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      Growing up in New Mexico in the 60’s, I dreamed of someday becoming a glass blower while visiting the glass factories in Juarez, Mexico. After an inspirational trip to Europe in 1973, I pursued this dream and studied art at the University of New Mexico. During this time I learned welding and lampworking glass skills at New Mexico Tech in Albuquerque. I met Belinda who was also attending UNM. We heard of a college in Ellensburg, WA that taught studio furnace glassblowing so we moved there in 1977. While at CWU, I learned to blow glass alongside William (Billy) Morris and Dave Schwarz. This was when Billy met Dale Chihuly and brought back techniques from Pilchuck Glass School to share with the class. Belinda and I graduated from Central Washington University in 1980, me with a BA in Art/Glassblowing and she with a BS in Accounting. I continued glass classes at Pratt Art Institute in Seattle where I studied under Walter Lieberman and Thermon Statom. While there, I conducted Pratt’s first workshops in flameworking techniques.
      We moved to Bend at the end of 1980 where we built our own glassblowing studio. We started out selling our work at art festivals during the 80’s and by the 90’s had established enough contacts to stop traveling and show exclusively through art galleries and fine gift stores. We have created numerous commissioned works for corporate gifts and sporting event awards, and placed a number of installations in private homes. We have won mural commissions from Art in Public Places in Bend and from the Space Needle Corporation in Seattle. Our work has been shown at the Popejoy Museum in Albuquerque and at the Portland Art Museum.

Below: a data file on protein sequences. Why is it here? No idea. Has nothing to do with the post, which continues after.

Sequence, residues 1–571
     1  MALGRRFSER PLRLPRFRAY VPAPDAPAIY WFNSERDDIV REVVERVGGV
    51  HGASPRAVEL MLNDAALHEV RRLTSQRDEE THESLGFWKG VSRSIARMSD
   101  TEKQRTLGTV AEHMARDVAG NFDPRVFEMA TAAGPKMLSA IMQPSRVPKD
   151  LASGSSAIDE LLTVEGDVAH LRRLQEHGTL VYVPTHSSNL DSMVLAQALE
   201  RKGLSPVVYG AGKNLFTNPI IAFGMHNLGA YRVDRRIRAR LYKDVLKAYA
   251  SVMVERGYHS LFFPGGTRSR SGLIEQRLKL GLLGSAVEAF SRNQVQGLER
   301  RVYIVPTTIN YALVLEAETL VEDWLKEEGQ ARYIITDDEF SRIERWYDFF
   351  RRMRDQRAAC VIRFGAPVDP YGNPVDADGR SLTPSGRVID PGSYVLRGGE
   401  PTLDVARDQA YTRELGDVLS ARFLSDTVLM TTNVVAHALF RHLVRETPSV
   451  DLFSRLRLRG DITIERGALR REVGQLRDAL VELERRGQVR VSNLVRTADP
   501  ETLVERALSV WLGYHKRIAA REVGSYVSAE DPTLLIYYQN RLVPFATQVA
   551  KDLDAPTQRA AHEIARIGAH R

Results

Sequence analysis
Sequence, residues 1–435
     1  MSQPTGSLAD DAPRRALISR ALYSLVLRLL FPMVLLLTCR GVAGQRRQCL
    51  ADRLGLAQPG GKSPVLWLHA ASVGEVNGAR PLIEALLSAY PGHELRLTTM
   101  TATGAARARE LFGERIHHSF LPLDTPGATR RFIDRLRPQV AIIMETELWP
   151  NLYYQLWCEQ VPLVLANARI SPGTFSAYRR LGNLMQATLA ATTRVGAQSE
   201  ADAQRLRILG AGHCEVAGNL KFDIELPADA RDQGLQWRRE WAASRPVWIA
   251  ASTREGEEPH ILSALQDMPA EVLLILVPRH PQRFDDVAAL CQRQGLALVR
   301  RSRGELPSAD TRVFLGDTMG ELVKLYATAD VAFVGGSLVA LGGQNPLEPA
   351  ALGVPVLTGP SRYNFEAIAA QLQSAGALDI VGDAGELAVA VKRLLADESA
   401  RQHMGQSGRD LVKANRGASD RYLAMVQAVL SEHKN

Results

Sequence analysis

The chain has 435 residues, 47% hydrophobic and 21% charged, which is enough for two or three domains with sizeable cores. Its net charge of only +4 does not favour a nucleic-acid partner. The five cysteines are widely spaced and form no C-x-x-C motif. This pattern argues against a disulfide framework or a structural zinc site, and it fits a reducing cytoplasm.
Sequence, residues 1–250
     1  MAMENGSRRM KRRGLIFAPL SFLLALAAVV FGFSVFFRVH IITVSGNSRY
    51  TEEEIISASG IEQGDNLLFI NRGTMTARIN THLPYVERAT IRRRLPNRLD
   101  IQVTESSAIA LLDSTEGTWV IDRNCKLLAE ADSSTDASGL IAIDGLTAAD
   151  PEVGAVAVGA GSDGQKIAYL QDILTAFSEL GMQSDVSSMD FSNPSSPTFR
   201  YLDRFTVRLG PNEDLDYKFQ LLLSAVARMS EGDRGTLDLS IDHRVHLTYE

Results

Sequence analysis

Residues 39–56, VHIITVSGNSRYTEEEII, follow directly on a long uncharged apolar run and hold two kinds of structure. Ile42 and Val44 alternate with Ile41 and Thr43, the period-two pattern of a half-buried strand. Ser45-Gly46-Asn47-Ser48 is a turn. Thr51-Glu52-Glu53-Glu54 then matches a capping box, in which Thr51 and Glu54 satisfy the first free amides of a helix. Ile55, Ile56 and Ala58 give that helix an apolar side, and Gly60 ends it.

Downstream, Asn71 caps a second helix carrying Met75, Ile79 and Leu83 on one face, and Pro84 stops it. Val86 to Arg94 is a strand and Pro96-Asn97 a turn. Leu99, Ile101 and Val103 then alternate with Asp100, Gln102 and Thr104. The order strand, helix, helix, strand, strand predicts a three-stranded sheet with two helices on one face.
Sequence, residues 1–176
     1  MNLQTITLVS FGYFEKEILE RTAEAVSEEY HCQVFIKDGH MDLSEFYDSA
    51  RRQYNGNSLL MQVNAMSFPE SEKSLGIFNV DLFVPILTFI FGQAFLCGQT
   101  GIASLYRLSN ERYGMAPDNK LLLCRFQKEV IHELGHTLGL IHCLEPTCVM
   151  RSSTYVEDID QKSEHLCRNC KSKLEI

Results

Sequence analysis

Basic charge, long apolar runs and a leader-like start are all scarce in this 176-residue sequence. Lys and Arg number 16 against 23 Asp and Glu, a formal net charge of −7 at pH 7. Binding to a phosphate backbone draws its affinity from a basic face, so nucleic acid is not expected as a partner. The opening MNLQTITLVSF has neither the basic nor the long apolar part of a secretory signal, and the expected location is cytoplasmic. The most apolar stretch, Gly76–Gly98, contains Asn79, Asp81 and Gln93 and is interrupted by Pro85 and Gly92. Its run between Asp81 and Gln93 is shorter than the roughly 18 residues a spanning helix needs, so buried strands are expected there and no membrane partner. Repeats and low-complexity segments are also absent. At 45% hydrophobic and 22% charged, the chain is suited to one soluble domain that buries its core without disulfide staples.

I am in love with the challenge of making sculpture from molten glass. In 1996, I took the opportunity to go to Pilchuck Glass School and study under maestro Pino Signoretto from Murano, Italy. It was amazing to witness the skills of a true master glass sculptor and to work in the incredible facilities of Pilchuck. I was able to see traditional Italian techniques and apply them to my own sculpting skills. I feel glass surpasses all materials in its ability to transmit color, light and movement. Its unique characteristic of freezing in motion lends itself beautifully to the aquatic theme which comprises much of my work. 

      In 1984, I was approached by a friend to see if I would be able to incorporate his sister's cremains within a glass piece.  We experimented and discovered that yes, the cremated ashes are compatible with the glass.  Around 1992, we started offering this service through a third party and gradually grew this side of our business.  In 2015, we started offering this service directly on our site, so that we could have more control over customer service.  We were able to offer more items and to deal with our customers directly and promptly.  It has been a pleasure creating these beautiful glass keepsakes and hearing of the emotional relief they have provided.